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Monthly Archives: March 2014


In 2010, a radio controlled aircraft collided with a small private plane during a charity airshow at a Colorado airport. While there was no visual damage to the private plane, the incident reflected a growing trend in rc aviation – the use of FPV planes. During the course of this blog, we will discuss the current problems surrounding their use.

We first need to define an FPV plane. An FPV (First Person View) plane is a radio controlled model aircraft, which utilizes a small onboard video camera and transmitter sending imagery to a ground receiving unit in the form of video goggles or a portable LCD screen. The view from such flights is the same as a pilot would have from the plane. Because of this, the rc pilot on the ground need not maintain line of sight (LOS) contact with the model, limited only by the reach of the radio signal and the power supply of the aircraft. While a number of rc aircraft are built with FPV capability, kits are available to install video cameras on virtually any rc plane. The rc pilot using goggles or head tracking gear usually has an exciting flight experience.

The capability of FPV aircraft to fly beyond visual contact range (some have a radius in excess of thirty miles), as well as an altitude ceiling above 3,000 ft., may sometimes cause problems when the pilot loses the video signal. For example, private planes often make their landing approaches at altitudes within the envelope of the FPV model. A loss of signal at the wrong time could result in a collision between the two craft and pilot error due to the distraction. Collisions with communications towers, power lines and other ground obstacles pose an equal threat. Though there are currently no laws or regulations governing control of FPV planes, the Academy of Model Aeronautics has proposed several guidelines to make FPV flight safer.

The first is the use of a buddy box system, in which two pilots, one in sight of the rc and the other monitoring the flight by video are able to direct the plane using independent flight controls. Another proposal requires an FPV pilot to fly their craft within line of sight at an altitude of no higher than 400 ft. Some models utilize autopilots, which automatically fly the plane back to its controller upon loss of video power. For all of the safety concerns, there has never been a recorded incident of an FPV plane causing major property damage or injuries, due to the majority of FPV models being constructed of styrofoam, which is lighter and less rigid.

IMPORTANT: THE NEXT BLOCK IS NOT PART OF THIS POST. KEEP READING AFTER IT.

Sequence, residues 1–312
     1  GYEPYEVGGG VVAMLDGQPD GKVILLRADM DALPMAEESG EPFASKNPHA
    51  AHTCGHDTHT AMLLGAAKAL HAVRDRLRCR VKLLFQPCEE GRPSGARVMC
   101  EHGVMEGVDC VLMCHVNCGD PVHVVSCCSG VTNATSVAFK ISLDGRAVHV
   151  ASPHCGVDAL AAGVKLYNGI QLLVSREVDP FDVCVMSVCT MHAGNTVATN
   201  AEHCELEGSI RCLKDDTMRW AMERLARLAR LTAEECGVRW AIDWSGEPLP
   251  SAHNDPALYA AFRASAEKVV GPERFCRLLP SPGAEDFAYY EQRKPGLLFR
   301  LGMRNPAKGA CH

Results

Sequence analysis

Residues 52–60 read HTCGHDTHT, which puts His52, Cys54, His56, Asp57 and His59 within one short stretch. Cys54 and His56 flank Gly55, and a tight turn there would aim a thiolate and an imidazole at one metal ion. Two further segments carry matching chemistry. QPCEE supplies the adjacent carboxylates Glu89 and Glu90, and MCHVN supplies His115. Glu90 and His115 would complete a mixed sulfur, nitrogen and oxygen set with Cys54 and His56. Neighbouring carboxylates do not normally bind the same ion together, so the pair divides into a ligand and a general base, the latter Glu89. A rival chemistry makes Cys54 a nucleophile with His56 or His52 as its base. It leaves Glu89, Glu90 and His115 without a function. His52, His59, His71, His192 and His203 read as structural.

In the late 1930s the USAAF found itself in need of a light bomber, as a result of aircraft developments from the Spanish Civil War.  It was required to carry a bomb load of at least 1,000 lbs. and be capable of both level and dive bombing.  The Douglas A-20 Havoc became one of several USAAF aircraft designated as attack bombers, aircraft which carried a greater payload than fighters but having less range and firepower than medium bombers.

The Havoc was developed at a time when a low-altitude, high speed attack mode of aviation was coming to fruition among the worlds leading air forces.  The A-20 was designed as a mid-wing, three-place light bomber with both frontal and rear armament.  While flight tests began in 1938, the USAAF was initially not interested in the aircraft, because it’s 1,100 hp., Pratt & Whitney R-1830 Twin Wasp engines could not provide sufficient power.  However, several French officers witnessed the tests ( in violation of the Neutrality Act) and were impressed enough to place an order for 270 planes.  After initial combat experience from the French Air Force and later the RAF, the Havoc’s engines were upgraded to Wright R-2600, 1700 hp. Twin Cyclone engines – giving it a performance comparable to many fighters of the day.

At the time of the Pearl Harbor attack, the A-20 was the only aircraft of its type available in large numbers.  Once in wide use, the aircraft proved itself both durable and adaptable.  Armament was increased to a 2,000 lb. internal bomb bay load, as well as an additional 1,000 lb. bomb attached to external racks under each wing.  The nose greenhouse was also replaced with a solid cone containing either six .50 cal. machine guns or four 20 mm cannon.  This configuration was especially effective for the low altitude ground attack and anti-shipping missions of the Southwest Pacific.  The Havoc gained favor with Soviet forces as an effective anti-armor, ground support aircraft with approximately one-third of all production sent to the Soviet Union via Lend Lease.  It also supported the Normandy invasion and subsequent operations in Western Europe.

Although eclipsed by the Douglas A-26 Invader in 1944, many pilots still preferred the Havoc due to its relative speed and maneuverability.  It performed a number of roles, such as dive bombing, level bombing, strafing and skip bombing.  There was also a successful night fighter version, the P-70.  The Havoc was easy to fly and had a relatively simple control panel.  It gave pilots the best of both worlds – the range and payload of a bomber coupled with the speed and maneuverability of a fighter.